I have only known this land “after the fire.” I never experienced the fear and devastation over the loss of what was once a flourishing forest. Nearly four years have passed since those fires ravaged this area, and while no one resided here permanently at the time, nearly everyone lost whatever structures they had. Only remnants from the oak cabin that once stood on our land, a burned and rusted metal chair and an old terra-cotta pot are all that are left. Charred and blackened trees still dominate the landscape interspersed among the living in a mosaic pattern only fire knows.
The largest of the Ponderosa Pines resides just on the shore of the lake, standing stoically even in death. I am struck by how beautiful this tree is, quite possibly more striking in black with her bare and twisted branches held frozen in time. There will undoubtedly come a time when she can no longer bear the weight of her own crown, and will crack or collapse entirely into the lake. Oh how even the mighty can fall.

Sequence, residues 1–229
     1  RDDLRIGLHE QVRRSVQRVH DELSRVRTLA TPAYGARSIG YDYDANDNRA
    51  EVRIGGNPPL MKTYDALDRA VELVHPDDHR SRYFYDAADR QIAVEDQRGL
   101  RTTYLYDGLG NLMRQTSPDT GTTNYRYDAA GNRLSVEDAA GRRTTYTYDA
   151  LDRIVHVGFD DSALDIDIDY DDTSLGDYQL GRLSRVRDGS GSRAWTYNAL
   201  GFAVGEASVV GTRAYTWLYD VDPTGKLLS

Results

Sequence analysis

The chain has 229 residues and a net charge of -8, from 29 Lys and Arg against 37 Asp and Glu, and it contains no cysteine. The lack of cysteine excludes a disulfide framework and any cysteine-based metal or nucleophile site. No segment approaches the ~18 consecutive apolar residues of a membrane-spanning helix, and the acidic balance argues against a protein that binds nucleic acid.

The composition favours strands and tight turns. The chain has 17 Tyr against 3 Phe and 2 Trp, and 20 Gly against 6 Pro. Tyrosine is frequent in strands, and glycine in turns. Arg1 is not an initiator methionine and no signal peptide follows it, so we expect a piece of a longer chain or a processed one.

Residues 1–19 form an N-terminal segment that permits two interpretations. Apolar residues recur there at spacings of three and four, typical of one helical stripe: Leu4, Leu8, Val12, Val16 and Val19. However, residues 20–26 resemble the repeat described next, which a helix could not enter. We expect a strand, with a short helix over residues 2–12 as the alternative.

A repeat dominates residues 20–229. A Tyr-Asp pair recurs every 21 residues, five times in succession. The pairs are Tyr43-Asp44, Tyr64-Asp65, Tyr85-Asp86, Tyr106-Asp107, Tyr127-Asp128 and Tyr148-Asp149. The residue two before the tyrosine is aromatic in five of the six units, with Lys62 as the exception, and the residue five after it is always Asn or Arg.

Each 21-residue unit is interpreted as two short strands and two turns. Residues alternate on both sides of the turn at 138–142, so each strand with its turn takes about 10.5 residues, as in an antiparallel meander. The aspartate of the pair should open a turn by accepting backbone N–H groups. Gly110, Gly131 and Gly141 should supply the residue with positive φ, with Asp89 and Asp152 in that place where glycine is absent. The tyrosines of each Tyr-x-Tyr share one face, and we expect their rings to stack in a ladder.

Despite all that was lost, signs of recovery are everywhere here. And while I will likely not witness the return to its full glory during my lifetime, I am so grateful for the opportunity to steward this land and watch nature find its way forward. There is joy and wonder to see the pine and larch saplings coming up under the seemingly watchful eyes of their dead sentinel mothers, the spindly young aspen trees cropping up everywhere readying the soil for future generations of larger trees, the deer trails crisscrossing through the fire weed between the lakes, and the osprey screeching high in the hills. The plants and animals have come home and have so much to teach us about hope, resilience, and the healing that comes with time.